The National Treasury has taken steps to combat corruption in the country as over R60 million has been allocated to the state capture commission of inquiry while law enforcement agencies are probing R3.5 billion worth of tenders awarded to companies that are not tax compliant.
Tabling the medium-term budget policy statement (MTBPS) before Parliament on Wednesday afternoon, Finance Minister Tito Mboweni said Treasury withdrew emergency procurement processes following “exploitive acts” of corruption when it came to combating the Covid-19 pandemic.
He dismissed claims that the R500 billion relief package was entirely lost to corruption, stating it was mostly used to “cushion the impact” of the pandemic while other aspects will continue to be rolled out over the medium term.
While details and names of all companies awarded Covid-19 related contracts were made public, the South African Revenue Services were however probing successful companies which were not tax-compliant.
“The South African Revenue Services is working with other law enforcement agencies to evaluate R3.5 billion worth of tenders awarded to entities not registered for VAT.”
“The Covid-19 pandemic has given rise to shameful and exploitative acts of corruption. This has overshadowed our collective achievements in saving lives and supporting livelihoods. It is not true that the R500 billion relief package has been entirely lost to corruption,” said Mboweni.
In addition, R63 million had been allocated to the State Capture Commission of Inquiry to finalise investigations and compile a report by the Department of Justice and Constitutional Development, Mboweni said.
“The final part of our duties as captains through the storm is to strengthen the ship… We must continue to defeat the corruption and plug the loopholes,” said Mboweni.
The government has allocated R6.8 billion to the Department of Social Development in prioritising the social relief of distress grant, which has been extended until January next year.
With 2.2 million people having lost their jobs during the Covid-19 pandemic, the government has prioritised social development as it includes programmes aimed at income protection, social welfare and reducing poverty.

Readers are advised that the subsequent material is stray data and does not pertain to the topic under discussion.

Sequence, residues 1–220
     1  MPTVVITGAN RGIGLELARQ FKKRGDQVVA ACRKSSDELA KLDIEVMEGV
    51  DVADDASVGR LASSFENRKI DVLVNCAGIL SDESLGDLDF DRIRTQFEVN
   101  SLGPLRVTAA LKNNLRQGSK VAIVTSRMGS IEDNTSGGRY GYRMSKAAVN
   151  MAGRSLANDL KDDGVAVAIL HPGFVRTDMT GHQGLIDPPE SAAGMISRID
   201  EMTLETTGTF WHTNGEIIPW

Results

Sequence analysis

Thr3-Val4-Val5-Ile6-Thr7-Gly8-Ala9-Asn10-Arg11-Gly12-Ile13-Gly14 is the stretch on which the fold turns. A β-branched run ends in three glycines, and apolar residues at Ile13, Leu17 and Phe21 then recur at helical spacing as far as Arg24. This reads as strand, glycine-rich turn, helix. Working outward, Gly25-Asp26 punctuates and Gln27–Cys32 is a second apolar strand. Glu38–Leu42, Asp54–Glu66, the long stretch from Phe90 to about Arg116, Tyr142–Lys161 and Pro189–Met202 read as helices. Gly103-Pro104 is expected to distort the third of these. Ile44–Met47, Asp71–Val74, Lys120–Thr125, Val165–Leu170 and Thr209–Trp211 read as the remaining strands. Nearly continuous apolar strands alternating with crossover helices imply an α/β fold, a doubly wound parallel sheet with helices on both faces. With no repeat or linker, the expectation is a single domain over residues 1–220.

The longer than expected tobacco ban during the Covid-19 lockdown levels was one of the factors that contributed to low tax revenue, as tax revenue for the 2020/21 financial year now stand R312.8 billion lower than what was projected in the 2020 budget review.
This despite revenue collection being revised down by R8.7 billion in June’s adjusted budget review.
This deterioration was in line with the revised economic growth projections and expected tax performance following the Covid-19 pandemic.
The government has resisted opposition to it providing further bailouts to embattled national airline SAA, allocating R6.5 billion in the Medium Term Budget Policy Statement (MTBPS) to the airline for settling its guaranteed debt and interest and R10.5 billion to implement its business rescue plan.
The MTBPS states this allocation was mainly funded through reductions to the baselines of national departments and their public entities, and provincial and local government conditional grants.
The MTBPS made no mention of private sector funders, equity investors and partners for a future restructured SAA.
The reduction of the public sector wage bill is one of the main fiscal measures being implemented in stabilising the country’s debt over the next five years, as it accounts for about one-third of the consolidated budget.
Following the Covid-19 pandemic which led to steep economic decline, the country’s economy is expected to contract by 7.8% in 2020 and to return to real GDP growth of 3.3% in 2021.